Meeting contract managers for main contractors made me realise the lack of knowledge out there and offered the opportunity for a boost to the ego as I could impart my informed two penn’orth. Explaining to fitters why they needed to use an adhesive in a particular way to get the best out of it was pretty much always met with gratitude. Meeting up with sales teams to train them in products was always good fun and a massive challenge too. There is also a great variety in flooring outside of what I’m directly involved in, which has been demonstrated to me from sitting on the CFA with complimentary manufacturers of anything from plywood and underlays to flowing screeds and vinyl flooring.
The teamwork in the flooring industry is another element I’ve found brilliant too.
I can still recall two distinct jobs in the same week early in my site-visiting career that perfectly illustrate the variety in flooring. One was a demonstration of an adhesive pumping system within a massive student development.
Getting the fitters off their hands and knees was the selling point, and the challenge was the speed needed to get a double stick system down in a short turnaround. The fitting team observed as I started showing them how to connect the lance, which nozzle was needed etc, and they watched intently as I walked the floor, spraying the adhesive down. They had never used such a system before and, as always with training and new things, when I asked them to have a go it was a young guy who jumped on it.
It worked, he loved it and I was beaming. When next speaking with the contractors, I took the opportunity to pop in and see the installations and it was a spot on job.
The next one was an old mill being refurbished into quality apartments. On arrival, the state of the subfloor was terrible: old levellers, quarry tiles, asphalt, different floor heights, cracks – you name it, the challenge was there. In addition, it was a ground floor too. I won’t go into the details of all the tests needed and solutions offered, but a few months later the contractor said I should go back and see how it had gone.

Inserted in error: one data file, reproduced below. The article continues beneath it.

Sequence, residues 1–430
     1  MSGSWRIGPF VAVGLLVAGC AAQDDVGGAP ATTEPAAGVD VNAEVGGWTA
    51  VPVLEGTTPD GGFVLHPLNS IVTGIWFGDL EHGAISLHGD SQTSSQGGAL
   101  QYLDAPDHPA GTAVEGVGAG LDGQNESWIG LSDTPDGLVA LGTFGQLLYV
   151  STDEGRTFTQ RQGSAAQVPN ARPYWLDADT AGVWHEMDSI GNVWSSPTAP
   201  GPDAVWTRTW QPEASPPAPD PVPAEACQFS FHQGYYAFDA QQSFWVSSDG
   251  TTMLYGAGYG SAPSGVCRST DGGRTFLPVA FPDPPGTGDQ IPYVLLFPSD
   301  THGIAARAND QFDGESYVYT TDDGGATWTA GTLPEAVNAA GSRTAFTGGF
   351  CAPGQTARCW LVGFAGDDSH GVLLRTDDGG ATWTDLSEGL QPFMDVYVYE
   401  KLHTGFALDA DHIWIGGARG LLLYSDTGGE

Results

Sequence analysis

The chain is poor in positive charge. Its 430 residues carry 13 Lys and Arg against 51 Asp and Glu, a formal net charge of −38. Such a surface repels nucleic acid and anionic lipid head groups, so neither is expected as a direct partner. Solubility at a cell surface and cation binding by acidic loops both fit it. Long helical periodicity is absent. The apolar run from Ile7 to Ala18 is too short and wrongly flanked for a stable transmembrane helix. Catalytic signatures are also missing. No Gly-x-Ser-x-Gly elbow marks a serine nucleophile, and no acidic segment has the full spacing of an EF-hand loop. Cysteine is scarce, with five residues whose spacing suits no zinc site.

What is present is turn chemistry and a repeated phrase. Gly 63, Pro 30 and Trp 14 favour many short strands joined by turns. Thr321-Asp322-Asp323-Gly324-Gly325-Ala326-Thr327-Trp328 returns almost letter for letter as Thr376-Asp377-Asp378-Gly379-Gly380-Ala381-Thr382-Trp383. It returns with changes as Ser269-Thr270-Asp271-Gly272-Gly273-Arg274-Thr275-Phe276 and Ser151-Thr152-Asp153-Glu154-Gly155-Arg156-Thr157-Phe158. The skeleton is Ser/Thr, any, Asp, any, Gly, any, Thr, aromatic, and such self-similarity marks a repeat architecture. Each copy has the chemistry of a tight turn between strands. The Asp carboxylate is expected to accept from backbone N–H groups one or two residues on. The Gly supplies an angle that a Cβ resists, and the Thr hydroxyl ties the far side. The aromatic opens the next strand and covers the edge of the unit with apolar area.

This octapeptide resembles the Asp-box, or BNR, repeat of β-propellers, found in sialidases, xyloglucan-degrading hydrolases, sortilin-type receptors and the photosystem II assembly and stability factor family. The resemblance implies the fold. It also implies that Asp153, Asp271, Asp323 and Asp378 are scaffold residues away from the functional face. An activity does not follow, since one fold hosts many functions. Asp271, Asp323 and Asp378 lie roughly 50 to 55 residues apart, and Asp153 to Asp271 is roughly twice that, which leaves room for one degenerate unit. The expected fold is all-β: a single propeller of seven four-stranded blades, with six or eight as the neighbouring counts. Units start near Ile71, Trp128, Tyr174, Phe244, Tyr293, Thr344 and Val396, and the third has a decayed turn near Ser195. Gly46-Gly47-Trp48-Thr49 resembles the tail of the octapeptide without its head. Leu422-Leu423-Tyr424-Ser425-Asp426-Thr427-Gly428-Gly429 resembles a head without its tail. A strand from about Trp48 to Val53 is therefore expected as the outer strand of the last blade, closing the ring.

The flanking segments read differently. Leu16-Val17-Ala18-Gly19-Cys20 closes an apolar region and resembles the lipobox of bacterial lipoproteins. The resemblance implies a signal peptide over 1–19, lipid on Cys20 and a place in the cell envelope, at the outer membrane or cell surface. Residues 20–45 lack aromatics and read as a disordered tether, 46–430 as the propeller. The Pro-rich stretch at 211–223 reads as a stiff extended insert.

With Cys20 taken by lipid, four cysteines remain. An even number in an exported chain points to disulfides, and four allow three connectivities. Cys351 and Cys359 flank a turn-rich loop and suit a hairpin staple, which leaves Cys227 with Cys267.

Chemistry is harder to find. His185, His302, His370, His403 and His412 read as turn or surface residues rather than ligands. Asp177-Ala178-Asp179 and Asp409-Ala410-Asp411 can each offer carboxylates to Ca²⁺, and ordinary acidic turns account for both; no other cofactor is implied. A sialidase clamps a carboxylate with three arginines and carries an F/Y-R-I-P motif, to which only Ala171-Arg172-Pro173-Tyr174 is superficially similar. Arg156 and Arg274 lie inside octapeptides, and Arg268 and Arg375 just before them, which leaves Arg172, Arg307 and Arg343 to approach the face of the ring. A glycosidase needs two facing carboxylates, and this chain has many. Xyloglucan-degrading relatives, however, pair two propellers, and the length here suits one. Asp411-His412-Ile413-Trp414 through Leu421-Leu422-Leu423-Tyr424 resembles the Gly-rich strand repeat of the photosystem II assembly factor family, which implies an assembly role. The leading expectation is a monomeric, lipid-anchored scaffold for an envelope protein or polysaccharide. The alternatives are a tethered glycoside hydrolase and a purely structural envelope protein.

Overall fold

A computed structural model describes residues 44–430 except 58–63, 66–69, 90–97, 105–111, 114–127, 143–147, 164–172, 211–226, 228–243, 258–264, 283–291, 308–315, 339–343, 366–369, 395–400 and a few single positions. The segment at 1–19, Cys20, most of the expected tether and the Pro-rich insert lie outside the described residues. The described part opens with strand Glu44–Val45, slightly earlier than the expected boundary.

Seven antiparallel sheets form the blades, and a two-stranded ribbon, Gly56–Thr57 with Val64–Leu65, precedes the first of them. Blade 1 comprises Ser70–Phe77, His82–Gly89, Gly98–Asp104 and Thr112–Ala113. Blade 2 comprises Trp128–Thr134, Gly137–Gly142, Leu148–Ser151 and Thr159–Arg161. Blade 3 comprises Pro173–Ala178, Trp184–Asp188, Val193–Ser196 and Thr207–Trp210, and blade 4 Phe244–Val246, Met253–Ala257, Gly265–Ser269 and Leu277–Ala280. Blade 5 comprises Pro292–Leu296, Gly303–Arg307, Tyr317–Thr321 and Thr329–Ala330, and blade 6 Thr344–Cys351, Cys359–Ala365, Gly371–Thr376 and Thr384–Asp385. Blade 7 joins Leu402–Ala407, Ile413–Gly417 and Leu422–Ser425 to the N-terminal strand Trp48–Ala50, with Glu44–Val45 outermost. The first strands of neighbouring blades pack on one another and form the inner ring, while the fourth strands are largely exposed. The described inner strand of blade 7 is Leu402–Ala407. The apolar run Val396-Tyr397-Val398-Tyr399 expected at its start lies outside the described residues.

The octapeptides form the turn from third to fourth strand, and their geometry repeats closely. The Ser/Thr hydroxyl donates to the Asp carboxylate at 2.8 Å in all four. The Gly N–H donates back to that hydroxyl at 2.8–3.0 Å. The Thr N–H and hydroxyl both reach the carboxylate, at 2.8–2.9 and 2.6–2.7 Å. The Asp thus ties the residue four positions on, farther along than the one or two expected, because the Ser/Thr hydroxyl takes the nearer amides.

On retuning, I was genuinely amazed at what had been achieved. New apartments with LVTs (quite new in those days), solid wood flooring, carpets, and no hint of what had previously been a complete mess of a floor.
Flooring is interesting and maybe those of us who have been in the industry a while get a bit blasé about it. Knowing what I know now wouldn’t have stopped me getting into the industry, but if somebody had said to a young Martin, ‘Do you fancy going into the flooring industry?’ then I think I would have declined, thinking that it was only about fitting carpets into bedrooms. We need to get the ‘exciting’ message across along with the variety of roles available, the potential career longevity and earnings capability.
I believe that through this pandemic there’ll be a proportion of people who were happy working at home on a laptop all day, but there will also be a large number of people who absolutely loathed it. That is our audience in my opinion.
The industry is mainly hands on and would be perfect for those who are of a more active nature. I for one don’t have the answers of how we do this but it’s something we can all promote in our own little ways whilst the likes of the CFA, FITA, and others drive the message forward too.
If you have any initiatives that you think could help in filling the skills shortage, any contacts that may be able to influence the younger generation in particular, or indeed need help in your own business in filling the gaps, then don’t hesitate to contact the CFA to help us all combat the challenges. Here’s to a bright future for flooring.